When is a record not really a record?

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Today the Seattle Times has an article noting that Seattle (Seattle Tacoma Airport) has beat the all-time record for the number of consecutive days of 80F and higher in September.  Today (Monday) should be much cooler since marine air has pushed into western Washington overnight, with low clouds extending to the Cascades.  The heat wave is over.

Here is the plot of the temperatures the last few days.
You will note that on two of the days the temperatures only got to 82F.   Now here is the question.  As I documented in an earlier blog (click here to see it), the third runway has clearly warmed up the temperature sensor at Seattle by roughly 2F.      On the two days SeaTac reached 82 of the now 9 day streak above 80 the neighborhood surrounding SeaTac had highs of 78 and 79, averaged over 4 schools.  That leaves the obvious question:  would Seattle have reached this record if the third runway was not built?  We cannot be sure.

As I have discussed in this blog a number of times, the implications of human-emitted greenhouse gases are profound and substantial warming is pretty much inevitable.  But there IS an issue of our temperature sensors being in places in which development has occurred, as well as sensors that are simply poorly placed.  I don't think we have a clear understanding of the impact of these sensor problems, even though some research has been done on it.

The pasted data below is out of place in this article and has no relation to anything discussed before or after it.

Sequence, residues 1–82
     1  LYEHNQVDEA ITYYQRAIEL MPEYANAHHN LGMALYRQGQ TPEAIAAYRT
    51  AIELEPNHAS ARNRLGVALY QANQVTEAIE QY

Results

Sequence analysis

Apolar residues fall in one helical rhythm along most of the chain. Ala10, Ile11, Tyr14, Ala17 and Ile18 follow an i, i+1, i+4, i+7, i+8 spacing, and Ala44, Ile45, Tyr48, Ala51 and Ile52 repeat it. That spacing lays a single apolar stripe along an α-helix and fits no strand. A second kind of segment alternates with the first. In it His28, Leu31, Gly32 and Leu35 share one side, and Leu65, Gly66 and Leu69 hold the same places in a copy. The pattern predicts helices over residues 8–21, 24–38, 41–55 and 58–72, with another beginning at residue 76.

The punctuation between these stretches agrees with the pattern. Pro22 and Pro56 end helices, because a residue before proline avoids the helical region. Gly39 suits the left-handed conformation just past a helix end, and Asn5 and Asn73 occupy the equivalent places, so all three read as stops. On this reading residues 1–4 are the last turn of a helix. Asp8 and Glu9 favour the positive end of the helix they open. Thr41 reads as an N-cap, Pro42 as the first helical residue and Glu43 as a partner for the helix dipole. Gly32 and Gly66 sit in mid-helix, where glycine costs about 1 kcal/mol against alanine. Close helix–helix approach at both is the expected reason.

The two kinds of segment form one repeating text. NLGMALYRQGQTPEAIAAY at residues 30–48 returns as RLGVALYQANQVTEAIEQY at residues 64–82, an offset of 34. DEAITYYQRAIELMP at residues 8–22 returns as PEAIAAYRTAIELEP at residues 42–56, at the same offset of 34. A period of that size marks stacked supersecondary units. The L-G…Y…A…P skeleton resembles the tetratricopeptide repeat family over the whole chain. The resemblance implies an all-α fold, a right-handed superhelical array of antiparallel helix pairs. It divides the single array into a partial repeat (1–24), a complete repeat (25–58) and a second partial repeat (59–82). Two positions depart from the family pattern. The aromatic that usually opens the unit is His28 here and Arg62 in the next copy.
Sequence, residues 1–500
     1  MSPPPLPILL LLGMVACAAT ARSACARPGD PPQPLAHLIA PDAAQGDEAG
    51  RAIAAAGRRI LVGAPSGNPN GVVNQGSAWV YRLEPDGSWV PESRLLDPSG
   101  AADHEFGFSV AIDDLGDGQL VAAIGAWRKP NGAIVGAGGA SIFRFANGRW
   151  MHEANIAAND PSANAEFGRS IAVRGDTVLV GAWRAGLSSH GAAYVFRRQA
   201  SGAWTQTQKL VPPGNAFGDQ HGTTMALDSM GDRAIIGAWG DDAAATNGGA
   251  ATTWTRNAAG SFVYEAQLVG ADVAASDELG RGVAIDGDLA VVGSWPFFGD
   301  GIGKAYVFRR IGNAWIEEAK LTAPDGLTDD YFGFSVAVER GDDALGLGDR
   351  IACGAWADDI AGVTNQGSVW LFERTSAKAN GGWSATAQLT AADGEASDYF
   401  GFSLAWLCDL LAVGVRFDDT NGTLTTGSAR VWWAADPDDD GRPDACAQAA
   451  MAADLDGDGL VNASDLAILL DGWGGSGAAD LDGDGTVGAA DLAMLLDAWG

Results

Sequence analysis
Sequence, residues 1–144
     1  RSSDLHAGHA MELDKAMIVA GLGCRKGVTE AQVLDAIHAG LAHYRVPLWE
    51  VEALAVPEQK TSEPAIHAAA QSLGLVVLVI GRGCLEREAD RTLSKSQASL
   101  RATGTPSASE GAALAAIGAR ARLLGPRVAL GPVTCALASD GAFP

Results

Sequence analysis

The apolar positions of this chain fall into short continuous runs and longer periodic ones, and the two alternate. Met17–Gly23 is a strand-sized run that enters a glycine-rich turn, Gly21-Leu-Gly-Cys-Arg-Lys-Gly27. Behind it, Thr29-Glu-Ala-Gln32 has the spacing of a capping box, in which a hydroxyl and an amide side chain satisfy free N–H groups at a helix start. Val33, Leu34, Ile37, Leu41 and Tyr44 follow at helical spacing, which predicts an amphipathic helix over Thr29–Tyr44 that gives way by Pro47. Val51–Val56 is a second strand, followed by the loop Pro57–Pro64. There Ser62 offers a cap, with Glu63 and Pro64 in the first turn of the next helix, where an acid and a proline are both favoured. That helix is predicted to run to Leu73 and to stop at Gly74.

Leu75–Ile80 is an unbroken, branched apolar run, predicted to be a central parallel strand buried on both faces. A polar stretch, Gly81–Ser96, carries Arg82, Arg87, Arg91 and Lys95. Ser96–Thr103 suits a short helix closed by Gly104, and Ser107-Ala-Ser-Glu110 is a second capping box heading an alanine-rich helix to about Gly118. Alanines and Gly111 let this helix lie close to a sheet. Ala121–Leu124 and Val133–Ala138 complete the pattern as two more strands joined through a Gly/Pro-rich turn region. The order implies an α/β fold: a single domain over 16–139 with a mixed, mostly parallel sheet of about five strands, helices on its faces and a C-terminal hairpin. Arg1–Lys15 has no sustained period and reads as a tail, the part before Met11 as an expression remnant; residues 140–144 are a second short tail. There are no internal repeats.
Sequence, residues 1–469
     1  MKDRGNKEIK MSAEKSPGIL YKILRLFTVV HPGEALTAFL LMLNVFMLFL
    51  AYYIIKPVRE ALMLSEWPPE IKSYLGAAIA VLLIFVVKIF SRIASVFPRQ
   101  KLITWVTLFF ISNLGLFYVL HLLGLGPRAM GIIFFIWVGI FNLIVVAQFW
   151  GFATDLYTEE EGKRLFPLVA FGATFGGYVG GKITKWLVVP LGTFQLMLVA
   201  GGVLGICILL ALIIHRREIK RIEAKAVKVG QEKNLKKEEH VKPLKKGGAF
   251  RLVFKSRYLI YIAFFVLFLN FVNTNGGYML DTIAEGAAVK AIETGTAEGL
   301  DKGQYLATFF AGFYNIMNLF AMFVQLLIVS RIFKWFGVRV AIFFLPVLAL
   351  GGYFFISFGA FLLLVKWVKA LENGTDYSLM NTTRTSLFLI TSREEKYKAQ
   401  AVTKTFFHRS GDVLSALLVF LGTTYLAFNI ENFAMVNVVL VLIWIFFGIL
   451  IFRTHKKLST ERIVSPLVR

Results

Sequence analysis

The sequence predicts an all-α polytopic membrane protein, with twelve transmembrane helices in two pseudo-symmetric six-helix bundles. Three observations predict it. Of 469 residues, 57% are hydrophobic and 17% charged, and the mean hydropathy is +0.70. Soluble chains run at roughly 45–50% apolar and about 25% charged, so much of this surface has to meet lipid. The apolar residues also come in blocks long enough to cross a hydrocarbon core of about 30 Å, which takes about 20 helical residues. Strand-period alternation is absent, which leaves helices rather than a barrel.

Just to show you the problem, here are pictures of the temperature sensors at three official climatological observing stations in Washington State.  Remember sensors should be over natural vegetated surfaces, away from buildings and concrete/asphalt, and not near heat sources.

Here is Wilbur, Washington.   Breaks every rule....even near the exhaust of an AC unit!  (The temperature unit looks like a set of stacked plates---that is the temperature enclosure)

 Or Dayton, Washington.  Being above gravel is a no-no, and it is close to a building and concrete.

Or Conconully, Washington.  Above rocks and concrete steps.

The problem folks is I could show you dozens more of these for the Northwest and hundreds for the U.S.  Poor siting, not above natural vegetation, too close to buildings, and more.  And it gets worse---there is development/urbanization going in the neighborhoods of many sensors.  Some of the worse problems are at rural sites, so studies that have tried to determine the "true" temperature signal by separating rural from urban sites have often been flawed.

We have a problem.   The U.S. is now establishing a set of primo instruments in virgin locations, but that doesn't help much in documenting past trends.  TThere is little doubt that some records have been influenced by these siting issues.

Now for those global warming skeptics who are smirking about all this, let us make it clear--poor siting does not mean global warming induced by humans is nonsense.  It means we have to be more careful in separating out sensor issues from the real signal.  The real signal is going to get a lot larger,

Finally, any of you living in North Seattle, please keep your eyes out for my lost dog:  more information here

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